Bilal Shabib laments fraught journey to becoming a rapper in Jordan

Twenty-four-year-old Jordanian-Palestinian rapper and musician Bilal Shabib. (Photo: Handout from Bilal Shabib)
Twenty-four-year-old Jordanian-Palestinian rapper and musician Bilal Shabib. (Photo: Handout from Bilal Shabib)

AMMAN — Coming from a religious family — a recurring theme in his music — 24-year-old Jordanian-Palestinian rapper and musician Bilal Shabib grew up listening to Islamic A cappella songs (nasheed), and when he first listened to R&B and hip-hop, he found it “overwhelming”.اضافة اعلان

“About five years ago, I remember I was in Scotland, and I listened to Arabic rap and wanted to try writing a song, I think that is when my passion for doing music really started,” Shabib told Jordan News in a recent interview.

A friend later invited him to Turkey to record and produce songs properly. He stayed there for a while and launched five — now deleted — tracks.
“I didn’t even have a laptop back then,” the rapper recalled.

“After that, I could not grow; there were no resources for me to learn the skills needed, like how to mix and master the tracks for example, so when I came back to Jordan I stopped making music for two years,” Shabib said.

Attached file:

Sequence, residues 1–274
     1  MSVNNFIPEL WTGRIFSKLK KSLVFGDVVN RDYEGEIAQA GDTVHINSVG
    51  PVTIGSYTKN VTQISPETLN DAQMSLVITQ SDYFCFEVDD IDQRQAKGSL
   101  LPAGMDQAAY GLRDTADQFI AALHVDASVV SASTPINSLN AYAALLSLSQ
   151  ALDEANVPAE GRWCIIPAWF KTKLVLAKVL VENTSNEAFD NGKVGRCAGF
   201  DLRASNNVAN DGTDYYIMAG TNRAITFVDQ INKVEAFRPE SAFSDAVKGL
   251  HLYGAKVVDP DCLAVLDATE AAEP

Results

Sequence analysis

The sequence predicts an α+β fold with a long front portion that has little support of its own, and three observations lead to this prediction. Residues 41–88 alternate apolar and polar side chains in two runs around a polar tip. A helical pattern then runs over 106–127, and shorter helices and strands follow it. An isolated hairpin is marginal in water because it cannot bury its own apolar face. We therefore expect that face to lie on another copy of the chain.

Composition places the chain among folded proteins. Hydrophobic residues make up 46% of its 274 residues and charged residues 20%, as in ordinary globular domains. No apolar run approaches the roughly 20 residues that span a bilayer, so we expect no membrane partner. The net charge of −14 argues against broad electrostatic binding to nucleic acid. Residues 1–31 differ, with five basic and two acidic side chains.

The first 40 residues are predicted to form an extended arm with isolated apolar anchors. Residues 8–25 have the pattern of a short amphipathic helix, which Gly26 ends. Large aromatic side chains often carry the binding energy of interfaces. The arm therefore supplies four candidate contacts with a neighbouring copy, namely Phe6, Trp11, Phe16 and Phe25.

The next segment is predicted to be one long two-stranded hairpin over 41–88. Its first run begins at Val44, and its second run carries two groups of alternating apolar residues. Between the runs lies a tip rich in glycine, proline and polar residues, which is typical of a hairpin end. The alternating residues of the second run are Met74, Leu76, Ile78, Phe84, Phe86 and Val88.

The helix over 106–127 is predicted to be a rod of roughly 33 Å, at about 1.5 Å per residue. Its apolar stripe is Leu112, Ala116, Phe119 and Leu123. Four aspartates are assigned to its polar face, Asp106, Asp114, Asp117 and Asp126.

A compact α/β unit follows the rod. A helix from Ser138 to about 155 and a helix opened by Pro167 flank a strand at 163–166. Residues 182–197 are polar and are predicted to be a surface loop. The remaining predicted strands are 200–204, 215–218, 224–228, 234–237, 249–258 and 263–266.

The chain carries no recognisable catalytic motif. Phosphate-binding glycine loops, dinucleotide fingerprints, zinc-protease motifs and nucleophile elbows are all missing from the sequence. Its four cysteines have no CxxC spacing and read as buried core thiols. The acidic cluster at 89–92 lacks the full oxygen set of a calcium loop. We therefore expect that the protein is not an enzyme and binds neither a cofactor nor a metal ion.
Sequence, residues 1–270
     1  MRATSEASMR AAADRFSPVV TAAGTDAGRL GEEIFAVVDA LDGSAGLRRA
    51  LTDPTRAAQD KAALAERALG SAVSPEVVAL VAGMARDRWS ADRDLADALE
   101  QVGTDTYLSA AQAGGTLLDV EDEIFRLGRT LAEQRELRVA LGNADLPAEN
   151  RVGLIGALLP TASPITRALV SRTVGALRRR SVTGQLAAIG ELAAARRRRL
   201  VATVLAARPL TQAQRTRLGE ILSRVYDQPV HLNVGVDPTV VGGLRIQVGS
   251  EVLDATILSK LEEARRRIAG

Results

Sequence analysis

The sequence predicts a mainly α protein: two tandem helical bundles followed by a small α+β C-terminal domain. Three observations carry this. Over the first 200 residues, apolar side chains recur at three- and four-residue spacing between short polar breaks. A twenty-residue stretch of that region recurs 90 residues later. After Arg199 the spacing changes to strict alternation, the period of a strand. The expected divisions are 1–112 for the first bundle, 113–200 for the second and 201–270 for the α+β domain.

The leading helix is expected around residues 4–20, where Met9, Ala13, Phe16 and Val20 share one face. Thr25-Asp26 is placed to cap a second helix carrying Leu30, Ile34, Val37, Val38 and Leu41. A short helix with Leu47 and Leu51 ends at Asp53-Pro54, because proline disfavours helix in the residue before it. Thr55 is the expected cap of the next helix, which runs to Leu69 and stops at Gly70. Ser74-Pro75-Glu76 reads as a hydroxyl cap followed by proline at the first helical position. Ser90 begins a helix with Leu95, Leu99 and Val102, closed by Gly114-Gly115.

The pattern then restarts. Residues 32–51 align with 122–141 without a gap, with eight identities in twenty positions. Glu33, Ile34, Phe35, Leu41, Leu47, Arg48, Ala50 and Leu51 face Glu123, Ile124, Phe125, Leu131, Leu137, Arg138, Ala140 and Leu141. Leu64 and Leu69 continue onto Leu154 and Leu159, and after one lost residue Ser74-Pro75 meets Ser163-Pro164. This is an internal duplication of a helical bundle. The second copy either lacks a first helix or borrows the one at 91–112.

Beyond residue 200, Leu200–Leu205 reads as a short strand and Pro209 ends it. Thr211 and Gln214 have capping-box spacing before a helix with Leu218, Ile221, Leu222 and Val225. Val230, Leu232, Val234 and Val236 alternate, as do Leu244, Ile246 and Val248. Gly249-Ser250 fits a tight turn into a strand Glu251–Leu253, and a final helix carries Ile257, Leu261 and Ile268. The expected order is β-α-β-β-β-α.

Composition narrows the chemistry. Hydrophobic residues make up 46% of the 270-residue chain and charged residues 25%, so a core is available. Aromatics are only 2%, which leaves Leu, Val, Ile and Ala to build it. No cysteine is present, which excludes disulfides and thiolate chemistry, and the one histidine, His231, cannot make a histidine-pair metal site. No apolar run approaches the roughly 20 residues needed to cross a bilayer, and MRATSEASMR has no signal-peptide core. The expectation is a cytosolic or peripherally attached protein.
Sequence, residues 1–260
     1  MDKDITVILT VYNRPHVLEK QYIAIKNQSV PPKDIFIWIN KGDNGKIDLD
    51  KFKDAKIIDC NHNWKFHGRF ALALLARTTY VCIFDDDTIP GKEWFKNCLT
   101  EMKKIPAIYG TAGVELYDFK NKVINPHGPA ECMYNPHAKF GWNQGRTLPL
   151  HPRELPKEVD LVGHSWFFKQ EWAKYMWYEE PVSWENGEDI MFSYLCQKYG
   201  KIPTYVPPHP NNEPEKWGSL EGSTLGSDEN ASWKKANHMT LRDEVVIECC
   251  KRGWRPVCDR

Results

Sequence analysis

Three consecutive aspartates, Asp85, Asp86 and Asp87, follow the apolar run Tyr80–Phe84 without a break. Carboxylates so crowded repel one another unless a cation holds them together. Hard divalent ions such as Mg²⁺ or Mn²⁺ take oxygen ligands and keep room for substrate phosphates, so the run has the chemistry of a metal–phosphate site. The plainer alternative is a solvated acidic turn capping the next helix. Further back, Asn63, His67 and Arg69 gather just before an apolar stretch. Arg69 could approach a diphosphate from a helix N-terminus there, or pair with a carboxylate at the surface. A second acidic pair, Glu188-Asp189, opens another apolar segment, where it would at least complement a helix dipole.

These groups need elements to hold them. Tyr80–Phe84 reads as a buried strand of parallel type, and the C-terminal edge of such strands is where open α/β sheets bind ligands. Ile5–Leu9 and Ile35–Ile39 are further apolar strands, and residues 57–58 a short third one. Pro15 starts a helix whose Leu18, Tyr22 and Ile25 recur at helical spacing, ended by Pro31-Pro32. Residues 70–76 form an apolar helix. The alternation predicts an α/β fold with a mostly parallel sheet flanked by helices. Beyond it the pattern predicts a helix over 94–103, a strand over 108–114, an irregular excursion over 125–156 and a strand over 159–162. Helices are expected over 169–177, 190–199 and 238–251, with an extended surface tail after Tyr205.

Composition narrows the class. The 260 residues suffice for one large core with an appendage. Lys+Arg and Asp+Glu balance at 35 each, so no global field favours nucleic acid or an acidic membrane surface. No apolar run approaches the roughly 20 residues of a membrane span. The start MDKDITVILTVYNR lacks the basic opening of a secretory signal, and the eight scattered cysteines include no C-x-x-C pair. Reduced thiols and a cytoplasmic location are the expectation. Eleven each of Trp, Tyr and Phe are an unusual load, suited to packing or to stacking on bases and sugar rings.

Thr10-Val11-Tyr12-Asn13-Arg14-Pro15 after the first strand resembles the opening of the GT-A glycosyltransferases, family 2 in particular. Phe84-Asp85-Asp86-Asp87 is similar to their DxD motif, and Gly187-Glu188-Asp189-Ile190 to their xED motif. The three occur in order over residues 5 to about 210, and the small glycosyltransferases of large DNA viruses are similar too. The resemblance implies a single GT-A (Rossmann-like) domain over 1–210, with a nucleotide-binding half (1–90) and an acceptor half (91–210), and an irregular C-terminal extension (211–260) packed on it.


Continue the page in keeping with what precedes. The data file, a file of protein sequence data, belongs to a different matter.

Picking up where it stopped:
But in 2019, Shabib was back in the scene with his song “Aman,” which garnered some 290,0000 views on YouTube.

Although the musician does not make money off of his music, he does not see it as just a hobby. “I am trying to build myself, it takes time to start making a profit in the hip-hop industry, but I am hopeful that in the future all my efforts will pay off,” he added.

His music usually draws on his personal life “and things that I am going through that mostly resemble some sort of ‘pain,’” the artist added.
Some of his songs were inspired by past romantic relationships, such as “Aman” and “Onadeeha”.

To make a song, the artist usually begins with choosing the music. “I listen to random beats, and as soon as I like one I start humming along with the music, mumbling a few words, I freestyle the first couple of lines randomly then I write the rest of the song so that it can rhyme with these lines,” the rapper explained.

Some of Shabib’s favorite producers to work with include Damojanad, Mazz, Fakhri and Dahab, he noted.

Shabib’s family are not that keen on his music career, “and I think they have a point,” he says. “It is really hard being in this industry here because most of the time you have to do everything yourself, from recording the song to sound engineering and editing the music video — you are your own team, and your own manager,” Shabib explained.

In the Jordanian hip-hop scene in general, artists do not get a lot of support, Shabib believes, which is something that really upsets him.

“I wish certain companies would sponsor us, I remember when I first started I wished someone would help me make a music video for example, but like I said, you have to do everything on your own, I hope that will change at some point,” Shabib explained.

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